I listened to a lot of music during the pandemic. One of my favorite things was to search out new music as I really enjoy the discovery process. As winter turned to spring in 2021, one of the albums that caught my ear and got a lot of digital rotation was Late Aster’s True and Toxic. The album is a great mix of jazz, pop, rock, and classical influences. I’m not usually that into projects that are a pastiche of different musical styles, but this record grabbed my attention. Although this is the group’s first release, all the members have known each and played together for years. The core of Late Aster is Aaron Messing and Anni Hochhalter, songwriters, vocalists, and horn players. Aaron plays trumpet, Anni plays French horn and they both utilize electronics in the form of rhythm machines, synthesizers, and an array of processors. Both Aaron and Anni are classically trained on their horn instruments and have extensive performance experience in the classical music world. Late Aster is a collaboration between the duo, as well as Brooklyn-based Cameron LeCrone on drums and percussion, and Charles Mueller who plays guitar and bass and is the group’s primary audio engineer and has his own studio, Tiny Panther, in Brooklyn. Anni is also a principal in the WindSync wind quintet. Additionally, Aaron got a law degree from Georgetown University in 2018 and became an environmental attorney. He currently works for the EPA in San Francisco, CA.
Aaron met Charles and Cameron in Chicago in 2012 when he was a student at Northwestern getting his music performance degree in classical trumpet performance. Charles and Cameron were also getting music performance degrees on classical guitar and film and jazz drums, respectively. The trio played in a variety of bands with different names and stayed in touch, playing music together even as they graduated and began to move around the country. Charles left Chicago to get a Master’s degree in music engineering at NYU. Aaron and Anni, who has a classical French horn degree from USC, met in 2013 and began to collaborate on music. It was later that Charles and Cameron were folded into those projects.
I met up with Aaron and Anni at my Panoramic House recording studio recently on a warm July day, and we sat out back under an old oak tree for a chat. They’re clearly long-time collaborators and will sometimes finish each other’s sentences and thoughts as the conversation moves back and forth between them.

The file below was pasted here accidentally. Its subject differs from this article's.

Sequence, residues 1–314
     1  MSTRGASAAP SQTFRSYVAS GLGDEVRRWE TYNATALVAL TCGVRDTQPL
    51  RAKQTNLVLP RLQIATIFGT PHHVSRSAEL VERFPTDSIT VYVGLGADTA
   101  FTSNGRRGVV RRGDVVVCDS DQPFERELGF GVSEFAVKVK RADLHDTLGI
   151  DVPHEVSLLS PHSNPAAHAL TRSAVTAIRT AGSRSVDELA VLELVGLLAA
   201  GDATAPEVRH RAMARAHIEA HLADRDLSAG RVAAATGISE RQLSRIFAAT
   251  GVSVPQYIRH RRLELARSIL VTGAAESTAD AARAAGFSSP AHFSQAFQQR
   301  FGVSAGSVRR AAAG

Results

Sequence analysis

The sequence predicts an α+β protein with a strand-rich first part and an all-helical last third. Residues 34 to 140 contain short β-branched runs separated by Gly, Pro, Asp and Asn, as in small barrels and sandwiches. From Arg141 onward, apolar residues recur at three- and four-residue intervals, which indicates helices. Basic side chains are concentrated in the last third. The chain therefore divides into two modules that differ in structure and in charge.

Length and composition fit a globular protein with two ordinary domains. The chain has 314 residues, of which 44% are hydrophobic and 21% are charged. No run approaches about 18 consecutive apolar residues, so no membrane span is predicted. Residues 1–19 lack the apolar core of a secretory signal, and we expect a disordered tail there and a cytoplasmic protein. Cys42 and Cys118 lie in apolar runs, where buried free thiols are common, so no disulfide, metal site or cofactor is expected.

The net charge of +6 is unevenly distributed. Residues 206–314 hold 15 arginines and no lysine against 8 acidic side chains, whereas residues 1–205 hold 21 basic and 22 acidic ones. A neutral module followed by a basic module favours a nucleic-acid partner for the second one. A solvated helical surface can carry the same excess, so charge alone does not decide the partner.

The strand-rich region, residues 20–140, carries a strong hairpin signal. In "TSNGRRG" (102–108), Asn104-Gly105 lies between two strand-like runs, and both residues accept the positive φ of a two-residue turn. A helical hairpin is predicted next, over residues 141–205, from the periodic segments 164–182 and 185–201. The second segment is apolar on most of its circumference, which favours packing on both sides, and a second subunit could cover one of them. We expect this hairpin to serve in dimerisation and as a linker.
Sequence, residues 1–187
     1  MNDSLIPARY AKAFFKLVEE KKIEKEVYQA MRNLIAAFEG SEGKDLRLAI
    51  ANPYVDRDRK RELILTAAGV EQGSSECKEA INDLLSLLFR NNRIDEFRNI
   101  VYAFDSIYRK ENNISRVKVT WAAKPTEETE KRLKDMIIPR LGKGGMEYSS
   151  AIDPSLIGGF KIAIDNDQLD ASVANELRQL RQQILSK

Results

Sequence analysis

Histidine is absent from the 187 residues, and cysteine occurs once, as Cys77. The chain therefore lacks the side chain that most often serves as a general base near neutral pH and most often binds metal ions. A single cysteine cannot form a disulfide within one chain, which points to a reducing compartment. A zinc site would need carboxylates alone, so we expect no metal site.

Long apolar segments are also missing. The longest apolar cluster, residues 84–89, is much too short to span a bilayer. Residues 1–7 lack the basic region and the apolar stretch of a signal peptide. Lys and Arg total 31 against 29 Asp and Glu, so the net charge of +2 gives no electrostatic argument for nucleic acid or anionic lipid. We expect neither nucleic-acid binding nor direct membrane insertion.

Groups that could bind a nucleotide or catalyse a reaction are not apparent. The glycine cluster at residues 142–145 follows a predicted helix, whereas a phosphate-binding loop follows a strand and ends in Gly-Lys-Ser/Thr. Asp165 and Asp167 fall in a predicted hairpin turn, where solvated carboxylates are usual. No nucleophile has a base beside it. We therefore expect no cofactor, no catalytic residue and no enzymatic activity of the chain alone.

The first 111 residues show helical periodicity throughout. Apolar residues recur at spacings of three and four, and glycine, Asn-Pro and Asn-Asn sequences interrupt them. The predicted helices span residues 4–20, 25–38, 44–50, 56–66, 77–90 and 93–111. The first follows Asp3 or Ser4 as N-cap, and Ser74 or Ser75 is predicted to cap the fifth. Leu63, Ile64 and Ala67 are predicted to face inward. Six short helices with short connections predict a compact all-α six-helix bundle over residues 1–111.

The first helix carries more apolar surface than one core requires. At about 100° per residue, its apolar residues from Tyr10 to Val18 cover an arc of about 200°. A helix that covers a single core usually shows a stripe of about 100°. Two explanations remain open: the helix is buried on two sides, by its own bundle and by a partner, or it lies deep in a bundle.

Can you walk me through how a song starts?
Aaron Messing [AM]: “True And Toxic” is the first song on the album that starts with a trumpet riff. I think that’s a quintessential...
Anni Hochhalter [AH]: ...Microcosm of the process.
AM: Yeah, I was thinking about some of the Dave Longstreth songs that have these really difficult guitar parts that do both melody and harmony at the same time. You can tell that it’s almost too hard for him to play. I was trying to figure out how to do that on trumpet.
AH: And you did it! It’s almost too hard for you to play.
AM: It’s hard to do! I just tracked what I thought was some scratch trumpet parts with the main part and then some background parts. Then, as we've done over the decade that we’ve been collaborating, I sent it over to Charles [Mueller] and went, “Hey, here’s this idea.” He's our guitar player and a recording engineer; he has his own home studio in Brooklyn too. He took it and built upon it. He sketched out a B-section to that song. Simultaneously, I’m writing vocal parts and thinking about other harmonies and things like that. So, the song builds upon itself as Charles and I are sending it back and forth over this long-distance musical relationship. At some point I sent it to Cam [Cameron LeCrone, drummer], and he composed a beat that went throughout the song, and it all kind of came together. I think this song is emblematic of our process, because we often do things with the intention of changing them substantially. Whether the part’s going to change, or the harmony’s going to change, or we’re going to change the lyrics or something like that. For the trumpet part, I went up to New York, and we ran it through a Moog Minitaur, and then a couple other filters. We felt like that was a good place to stop for the day, and then we’d fix it next time we got together. That was it. It became the song. We grew around that sound and came to like it. The same with the drums. Cam wrote a drum part with these scratch drum samples, and those were the samples we ended up using.
Where did you come in on this whole process, Anni?